Cx251 From Hong Kong, joined Sep 2003, 52 posts, RR: 0
Reply 2, posted (11 years 9 months 3 days 7 hours ago) and read 4301 times:
You're right. I've forgotten the tailwind speed at that point (something close to 200km/h) and that piece of info was indeed from the PTV. Believe it or not, the usual 11.5 hours flight from LHR took us just 11 hours. The speed over ground was over 1000km/h for most of the journey anyway.
QF747 From Australia, joined Nov 1999, 164 posts, RR: 0
Reply 8, posted (11 years 9 months 3 days 4 hours ago) and read 4131 times:
Mine was on Air New Zealand 744 LAX-SYD, it 1250 km/h. There were problems with seat assignments, so everyone had to be deplaned and reassigned seats. Delayed about two hours and made it all up inflight.
Broke From United States of America, joined Apr 2002, 1322 posts, RR: 3
Reply 10, posted (11 years 9 months 3 days 1 hour ago) and read 3996 times:
Jet powered airliners fly using a Mach Number as their targeted cruising speed.
Since the speed of sound varies according to air temperature, the air speed for a certain Mach Number will also vary according to air temperature. The higher the air temperature, the faster the speed of sound.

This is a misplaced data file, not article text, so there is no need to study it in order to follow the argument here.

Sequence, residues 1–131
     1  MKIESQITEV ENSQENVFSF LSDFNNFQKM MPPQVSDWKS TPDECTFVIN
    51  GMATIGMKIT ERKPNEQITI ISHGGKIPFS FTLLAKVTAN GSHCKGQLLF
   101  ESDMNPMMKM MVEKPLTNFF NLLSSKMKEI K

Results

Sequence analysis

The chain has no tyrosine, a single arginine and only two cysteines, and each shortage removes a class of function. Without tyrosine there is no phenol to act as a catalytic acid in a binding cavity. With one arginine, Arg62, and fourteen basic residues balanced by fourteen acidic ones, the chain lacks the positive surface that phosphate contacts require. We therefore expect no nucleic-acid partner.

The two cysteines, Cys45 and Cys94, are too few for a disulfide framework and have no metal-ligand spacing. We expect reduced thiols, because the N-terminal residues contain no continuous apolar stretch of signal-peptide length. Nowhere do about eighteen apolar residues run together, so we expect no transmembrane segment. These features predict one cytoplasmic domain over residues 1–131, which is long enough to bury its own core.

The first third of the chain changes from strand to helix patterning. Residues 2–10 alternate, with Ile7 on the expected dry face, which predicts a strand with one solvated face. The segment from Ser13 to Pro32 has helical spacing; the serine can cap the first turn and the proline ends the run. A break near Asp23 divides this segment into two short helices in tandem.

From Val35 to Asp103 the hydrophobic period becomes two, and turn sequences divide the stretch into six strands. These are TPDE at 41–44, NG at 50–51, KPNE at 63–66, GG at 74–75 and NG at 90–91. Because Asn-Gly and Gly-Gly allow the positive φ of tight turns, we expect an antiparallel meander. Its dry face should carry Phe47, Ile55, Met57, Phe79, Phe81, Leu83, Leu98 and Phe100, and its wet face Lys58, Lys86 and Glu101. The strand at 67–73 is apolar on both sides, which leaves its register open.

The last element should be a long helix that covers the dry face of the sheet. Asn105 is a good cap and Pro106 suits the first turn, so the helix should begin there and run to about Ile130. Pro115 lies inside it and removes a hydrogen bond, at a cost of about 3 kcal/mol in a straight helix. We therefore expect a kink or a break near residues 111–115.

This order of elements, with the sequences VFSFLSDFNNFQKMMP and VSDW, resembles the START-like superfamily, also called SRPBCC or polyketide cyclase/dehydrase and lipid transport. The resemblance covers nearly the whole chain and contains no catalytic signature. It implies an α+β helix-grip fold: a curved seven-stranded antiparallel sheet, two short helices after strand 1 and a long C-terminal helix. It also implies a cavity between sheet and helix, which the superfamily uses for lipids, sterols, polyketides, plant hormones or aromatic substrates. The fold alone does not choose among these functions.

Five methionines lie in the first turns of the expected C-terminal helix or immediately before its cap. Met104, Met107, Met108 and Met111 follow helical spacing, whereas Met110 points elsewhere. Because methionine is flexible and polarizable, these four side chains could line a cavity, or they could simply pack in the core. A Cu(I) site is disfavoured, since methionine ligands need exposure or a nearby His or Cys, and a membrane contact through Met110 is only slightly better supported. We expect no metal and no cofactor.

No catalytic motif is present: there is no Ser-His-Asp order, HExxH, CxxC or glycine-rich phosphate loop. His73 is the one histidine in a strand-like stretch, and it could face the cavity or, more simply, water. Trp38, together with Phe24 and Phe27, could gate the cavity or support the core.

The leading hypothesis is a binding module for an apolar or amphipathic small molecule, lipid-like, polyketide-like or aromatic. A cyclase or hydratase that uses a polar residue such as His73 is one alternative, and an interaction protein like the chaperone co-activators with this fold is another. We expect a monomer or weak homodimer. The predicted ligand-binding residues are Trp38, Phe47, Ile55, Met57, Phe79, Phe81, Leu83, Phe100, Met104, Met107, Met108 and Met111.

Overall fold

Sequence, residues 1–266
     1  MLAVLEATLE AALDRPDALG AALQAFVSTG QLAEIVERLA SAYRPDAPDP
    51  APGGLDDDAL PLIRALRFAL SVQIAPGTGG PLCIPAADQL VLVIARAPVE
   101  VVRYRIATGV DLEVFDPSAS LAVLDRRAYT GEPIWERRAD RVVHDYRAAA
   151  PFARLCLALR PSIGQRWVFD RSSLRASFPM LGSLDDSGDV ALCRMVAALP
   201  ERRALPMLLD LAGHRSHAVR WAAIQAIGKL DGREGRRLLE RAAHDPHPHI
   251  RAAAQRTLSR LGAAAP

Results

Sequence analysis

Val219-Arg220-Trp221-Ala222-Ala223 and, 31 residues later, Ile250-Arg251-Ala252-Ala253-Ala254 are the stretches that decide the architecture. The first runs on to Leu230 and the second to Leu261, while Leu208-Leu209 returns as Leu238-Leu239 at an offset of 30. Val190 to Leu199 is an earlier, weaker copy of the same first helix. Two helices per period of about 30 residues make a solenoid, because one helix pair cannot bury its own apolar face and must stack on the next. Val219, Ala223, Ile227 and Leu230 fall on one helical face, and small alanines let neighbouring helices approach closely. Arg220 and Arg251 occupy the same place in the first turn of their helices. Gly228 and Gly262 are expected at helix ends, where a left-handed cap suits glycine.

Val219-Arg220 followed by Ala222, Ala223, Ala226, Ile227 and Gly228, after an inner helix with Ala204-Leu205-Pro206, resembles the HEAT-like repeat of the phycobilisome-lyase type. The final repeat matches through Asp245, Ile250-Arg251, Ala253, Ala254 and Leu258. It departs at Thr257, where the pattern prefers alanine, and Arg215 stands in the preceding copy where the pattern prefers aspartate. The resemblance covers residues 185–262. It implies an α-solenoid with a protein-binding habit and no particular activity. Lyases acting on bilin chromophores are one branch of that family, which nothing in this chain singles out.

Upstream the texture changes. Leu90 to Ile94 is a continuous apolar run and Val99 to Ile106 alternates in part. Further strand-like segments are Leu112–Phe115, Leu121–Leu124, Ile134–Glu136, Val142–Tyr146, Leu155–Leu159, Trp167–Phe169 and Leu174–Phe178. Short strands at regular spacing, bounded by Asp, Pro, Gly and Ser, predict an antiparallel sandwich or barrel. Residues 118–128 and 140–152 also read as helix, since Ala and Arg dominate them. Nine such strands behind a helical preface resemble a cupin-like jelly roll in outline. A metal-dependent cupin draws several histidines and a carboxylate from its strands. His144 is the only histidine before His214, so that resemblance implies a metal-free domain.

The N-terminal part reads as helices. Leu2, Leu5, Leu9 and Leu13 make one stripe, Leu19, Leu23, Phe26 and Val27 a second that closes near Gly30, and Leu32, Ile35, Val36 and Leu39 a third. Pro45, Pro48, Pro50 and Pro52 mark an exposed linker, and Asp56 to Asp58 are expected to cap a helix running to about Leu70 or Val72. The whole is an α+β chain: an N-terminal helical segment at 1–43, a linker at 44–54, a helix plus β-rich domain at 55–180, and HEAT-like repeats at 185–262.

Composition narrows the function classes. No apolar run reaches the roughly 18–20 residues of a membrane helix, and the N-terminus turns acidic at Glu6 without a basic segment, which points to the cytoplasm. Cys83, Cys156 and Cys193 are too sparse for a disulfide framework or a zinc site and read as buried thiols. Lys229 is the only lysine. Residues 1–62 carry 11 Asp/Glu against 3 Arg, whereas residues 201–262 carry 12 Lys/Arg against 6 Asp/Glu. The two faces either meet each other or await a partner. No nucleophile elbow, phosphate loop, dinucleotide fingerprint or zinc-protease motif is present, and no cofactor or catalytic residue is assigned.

On a standard day, the speed of sound at sea level is about 761 mph or 661 kts.
At 35,000' or about 10,700 m, the speed of sound is about 650 mph or 576 kts.
So when you are trying to determine your true air speed for a certain Mach Number, it's nice to have an air data computer to help you out.
Ground speed, of course, is dependent on the winds aloft in addition to you cruising Mach Number. One of the funnier things I have ever seen is a Piper Cub going backwards over the ground on a very windy day while trying to land.
La Carlota From United States of America, joined Jun 2001, 358 posts, RR: 0
Reply 12, posted (11 years 9 months 3 days 1 hour ago) and read 3946 times:
Sorry for the question, but does that means that if your subsonic flight reaches, let's say, around 1,000 km/h, (and of course depending on the air temperature someone mentioned above, and the altitude)... you are technically flying supersonic???
I've always asked myself that...
B2707SST From United States of America, joined Apr 2003, 1375 posts, RR: 59
Reply 14, posted (11 years 9 months 2 days 23 hours ago) and read 3847 times:
1,000 km/h works out to about 620 miles per hour, or a Mach number of .94 at standard stratospheric temperatures, so you'd still be subsonic. But using 1,500 km/h an an example, unless you reach 1,500 km/h groundspeed without a substantial tailwind, thus breaking the sounds barrier "on your own," you're still subsonic. Mach number is calculated relative to the airstream, so headwinds/tailwinds have no effect (leaving temperature changes aside).
Airplanetire From United States of America, joined May 2001, 1809 posts, RR: 2
Reply 19, posted (11 years 9 months 2 days 17 hours ago) and read 3586 times:
My fastest was on a Delta 777 in the beginning of July flying from ATL to FCO. The fastest I remember seeing on the PTV was 688 mph (1107 km/hr). It wasn't that fast the whole time though because if it had been, we'd have been there at least an hour faster. The flight took 8 hours 39 minutes.